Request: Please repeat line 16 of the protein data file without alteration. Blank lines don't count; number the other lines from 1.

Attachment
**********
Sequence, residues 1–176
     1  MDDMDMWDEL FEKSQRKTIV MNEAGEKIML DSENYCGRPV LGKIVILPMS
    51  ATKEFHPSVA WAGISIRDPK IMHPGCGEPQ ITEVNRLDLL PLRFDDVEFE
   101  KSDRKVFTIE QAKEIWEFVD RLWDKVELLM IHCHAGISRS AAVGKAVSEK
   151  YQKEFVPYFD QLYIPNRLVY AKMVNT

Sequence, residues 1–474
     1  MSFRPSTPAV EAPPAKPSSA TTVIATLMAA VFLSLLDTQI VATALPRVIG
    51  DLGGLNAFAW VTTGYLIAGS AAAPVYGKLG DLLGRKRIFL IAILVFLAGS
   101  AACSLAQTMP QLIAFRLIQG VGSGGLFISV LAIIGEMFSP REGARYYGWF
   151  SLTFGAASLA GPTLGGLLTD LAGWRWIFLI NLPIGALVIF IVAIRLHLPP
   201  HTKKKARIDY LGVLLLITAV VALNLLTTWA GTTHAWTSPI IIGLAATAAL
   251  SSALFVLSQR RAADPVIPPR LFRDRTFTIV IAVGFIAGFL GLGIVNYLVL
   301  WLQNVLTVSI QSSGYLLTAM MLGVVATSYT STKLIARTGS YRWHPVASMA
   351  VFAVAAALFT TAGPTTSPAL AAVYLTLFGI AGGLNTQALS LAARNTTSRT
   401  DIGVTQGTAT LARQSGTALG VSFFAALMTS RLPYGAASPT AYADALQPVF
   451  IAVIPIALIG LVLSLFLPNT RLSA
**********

   451  IAVIPIALIG LVLSLFLPNT RLSA